On Friday, the Department of Defense released its report on the Fort Hood Massacre –“Protecting the Force: Lessons from Fort Hood.” It is a disgraceful document. Indeed, Ralph Peters does not exaggerate when he says:
Rarely in the course of human events has a report issued by any government agency been so cowardly and delusional. It’s so inept, it doesn’t even rise to cover-up level.
The report attributes the fact that the military did not identify the threat posed by the Nidal Hasan — it calls him “the alleged perpetrator” — to bureaucratic shortcomings in the acquisition and sharing of information. As to accumulating information, the report finds that “current definition for prohibited activities [by members of the armed forces] is incomplete and does not provide adequate guidance for commanders and supervisors to act on potential threats to security.” In addition, “there is no well-integrated means to gather, evaluate, and disseminate the side range of behaviorial indicators which could hlep our comomanders better anticipate and internal threat.”
Second, the report finds a “gap” in the sharing of information. According to the authors, “the mechanisms for sharing potential indicators of internal threats with appropriate command channels are limited.” The report calls for an end to allowing “bureaucratic concerns by specific entities over protecting ‘their’ information” to “prevent relevant threat information and indicators from reaching those who need it — the commanders.”
It is embarrassing for me to even type these words. As Peters notes, the signs that Hasan was a radical Islamist who might well be a danger were abundantly clear, nor were they not missed by his associates. And the fact that his associates did not share this information was not due to poor bureaucratic “architecture” or turf protection. The information was not shared because, given Hasan’s status as “the Army’s sole Palestinian-American psychiatrist,” his “superiors feared — correctly — that any attempt to call attention to his radicalism or to prevent his promotion would backfire on them, destroying their careers, not his.”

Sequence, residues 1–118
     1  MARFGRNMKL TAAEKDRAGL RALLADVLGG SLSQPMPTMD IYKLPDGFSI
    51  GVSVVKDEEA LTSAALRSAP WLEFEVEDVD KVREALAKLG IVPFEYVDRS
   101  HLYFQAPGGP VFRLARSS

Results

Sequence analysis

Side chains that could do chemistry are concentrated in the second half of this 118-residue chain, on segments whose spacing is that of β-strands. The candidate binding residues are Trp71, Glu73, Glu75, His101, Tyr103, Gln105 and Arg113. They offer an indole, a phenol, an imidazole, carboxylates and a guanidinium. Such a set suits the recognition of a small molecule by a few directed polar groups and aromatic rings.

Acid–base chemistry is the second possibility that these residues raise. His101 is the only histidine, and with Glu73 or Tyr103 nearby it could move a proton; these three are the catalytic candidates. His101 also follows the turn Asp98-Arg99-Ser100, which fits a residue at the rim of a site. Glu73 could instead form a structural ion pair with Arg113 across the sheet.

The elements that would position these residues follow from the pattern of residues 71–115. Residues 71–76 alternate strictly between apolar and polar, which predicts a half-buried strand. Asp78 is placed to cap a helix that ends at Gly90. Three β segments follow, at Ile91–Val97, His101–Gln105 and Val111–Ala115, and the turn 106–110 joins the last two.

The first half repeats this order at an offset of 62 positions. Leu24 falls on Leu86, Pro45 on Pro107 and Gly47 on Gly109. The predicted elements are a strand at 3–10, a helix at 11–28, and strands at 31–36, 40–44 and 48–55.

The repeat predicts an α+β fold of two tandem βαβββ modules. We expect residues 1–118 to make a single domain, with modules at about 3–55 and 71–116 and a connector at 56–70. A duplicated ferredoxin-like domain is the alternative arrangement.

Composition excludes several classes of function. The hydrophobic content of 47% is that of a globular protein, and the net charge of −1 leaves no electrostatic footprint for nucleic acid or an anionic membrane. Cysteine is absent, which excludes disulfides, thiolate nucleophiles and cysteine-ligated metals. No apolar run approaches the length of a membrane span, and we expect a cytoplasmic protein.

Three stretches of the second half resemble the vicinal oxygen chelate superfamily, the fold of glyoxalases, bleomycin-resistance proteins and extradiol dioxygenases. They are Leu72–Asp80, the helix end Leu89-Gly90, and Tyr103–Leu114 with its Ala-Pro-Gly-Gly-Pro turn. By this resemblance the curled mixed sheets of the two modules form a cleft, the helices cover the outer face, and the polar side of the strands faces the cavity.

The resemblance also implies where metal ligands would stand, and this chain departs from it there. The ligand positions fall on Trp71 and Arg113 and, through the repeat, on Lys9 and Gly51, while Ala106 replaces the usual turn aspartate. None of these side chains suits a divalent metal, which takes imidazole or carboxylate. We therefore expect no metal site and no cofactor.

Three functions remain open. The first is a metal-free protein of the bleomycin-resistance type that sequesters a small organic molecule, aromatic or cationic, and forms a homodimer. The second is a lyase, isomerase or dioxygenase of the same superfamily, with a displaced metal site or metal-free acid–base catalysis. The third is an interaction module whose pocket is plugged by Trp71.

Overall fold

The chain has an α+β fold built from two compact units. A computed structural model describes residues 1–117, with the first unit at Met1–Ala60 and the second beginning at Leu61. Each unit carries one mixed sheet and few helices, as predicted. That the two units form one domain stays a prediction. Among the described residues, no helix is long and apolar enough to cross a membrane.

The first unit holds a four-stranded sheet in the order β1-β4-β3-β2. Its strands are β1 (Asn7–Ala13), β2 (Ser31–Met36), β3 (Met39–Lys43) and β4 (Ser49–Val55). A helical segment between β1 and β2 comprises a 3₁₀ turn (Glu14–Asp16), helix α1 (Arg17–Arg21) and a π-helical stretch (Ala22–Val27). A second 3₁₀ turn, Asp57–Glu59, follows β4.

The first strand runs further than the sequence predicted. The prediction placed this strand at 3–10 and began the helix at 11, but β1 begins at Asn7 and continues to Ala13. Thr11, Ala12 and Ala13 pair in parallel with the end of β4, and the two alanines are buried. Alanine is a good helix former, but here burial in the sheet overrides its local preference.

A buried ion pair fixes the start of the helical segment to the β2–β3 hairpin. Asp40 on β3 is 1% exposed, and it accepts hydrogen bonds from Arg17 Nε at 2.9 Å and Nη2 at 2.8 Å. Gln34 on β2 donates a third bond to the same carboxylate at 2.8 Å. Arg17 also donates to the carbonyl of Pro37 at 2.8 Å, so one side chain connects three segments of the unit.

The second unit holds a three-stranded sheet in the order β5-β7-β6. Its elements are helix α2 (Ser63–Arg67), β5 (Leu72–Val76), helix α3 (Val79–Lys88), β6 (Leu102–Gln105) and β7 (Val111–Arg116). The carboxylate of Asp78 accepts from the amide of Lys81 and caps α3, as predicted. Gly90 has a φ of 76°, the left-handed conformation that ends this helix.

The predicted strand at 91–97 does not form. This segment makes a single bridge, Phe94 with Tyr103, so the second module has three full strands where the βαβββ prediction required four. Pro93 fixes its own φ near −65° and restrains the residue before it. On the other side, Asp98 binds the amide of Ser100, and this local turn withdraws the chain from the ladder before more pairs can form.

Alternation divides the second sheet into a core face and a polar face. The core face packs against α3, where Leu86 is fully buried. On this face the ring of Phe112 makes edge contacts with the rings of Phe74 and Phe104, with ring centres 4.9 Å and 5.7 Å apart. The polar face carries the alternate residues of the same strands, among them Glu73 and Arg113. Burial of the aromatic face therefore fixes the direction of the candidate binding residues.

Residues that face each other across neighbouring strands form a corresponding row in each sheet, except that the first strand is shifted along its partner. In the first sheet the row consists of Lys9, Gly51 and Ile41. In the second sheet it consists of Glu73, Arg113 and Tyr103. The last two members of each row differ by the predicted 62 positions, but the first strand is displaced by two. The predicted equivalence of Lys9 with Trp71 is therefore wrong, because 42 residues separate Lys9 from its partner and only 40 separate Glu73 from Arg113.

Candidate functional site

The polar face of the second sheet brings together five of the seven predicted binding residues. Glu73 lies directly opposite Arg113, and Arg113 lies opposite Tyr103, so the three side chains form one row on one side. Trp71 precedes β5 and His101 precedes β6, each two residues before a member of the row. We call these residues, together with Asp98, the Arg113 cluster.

In other words, the culprit was “political correctness” not bureaucracy. PC got 14 people killed at Fort Hood, just as, according to Peters and other military experts, it gets them killed on the battlefield by virtue of rules engagement that protect our enemies.
I don’t mean to suggest that the concept of political correctness is absent from the DoD’s report. To the contrary, it haunts the document. For example, as Bill Bennett points out, the report does not mention the words “Islam” and “Muslim” once. It refers to Hasan as a “gunman” and “the alleged perpetrator.” (There is a separate, classified report on Hasan that I, of course, have not seen).
The report therefore demonstrates, in its own peculiar fashion, why no one took measures to counteract the threat that Hasan plainly posed. If a blue-ribbon, brass-plated panel can’t speak honestly about Hasan after he has butchered 14 of our people, how can we expect his supervisors to speak honestly about him before the fact? As Peters says, “ain’t many colonels willing” to do that.
What should the report have said? Here, I defer to Bennett:
An Islamic terrorist was raised in the United States and given a pass throughout his professional career in the United States military. His allegiance was not to his country but to his radical religion. He told his colleagues of this again and again. He didn’t set off signals, he set off sirens. And nothing was done. The military leadership didn’t take his words seriously, even as we were at war with people saying the exact same things he was saying. And the culture of the Army that coddled him was too well-represented by the Army chief of staff who, after the rampage, said “As horrific as this tragedy was, if our diversity becomes a casualty, I think that’s worse.”
It was this thinking that led to us keeping Major Hasan in the Army and that diminished force protection. It was this culture that allowed a terrorist into the Army. It was this political correctness that led to the deaths of 14 innocents. And if you want to prevent another tragedy like this, you must end this infection of the mindset. I call it a tragedy because it was preventable. That it was not prevented is a shame on our institutions and indicative of a preemptive cultural surrender that I never thought would affect the U.S. military but, sadly, dangerously, has.
UPDATE: I should note that the panel that produced this report was co-chaired by Admiral Vern Clark, U.S. Navy (Ret.) and Togo West, Jr., who was Secretary of the Army for a time under Bill Clinton. In a sense they bear primary responsibility for this shocking evasion of a report. In another sense, however, they are simply the agents of a criminally mindless culture that is undermining not only our ability to “protect the force” but our ability to protect our society.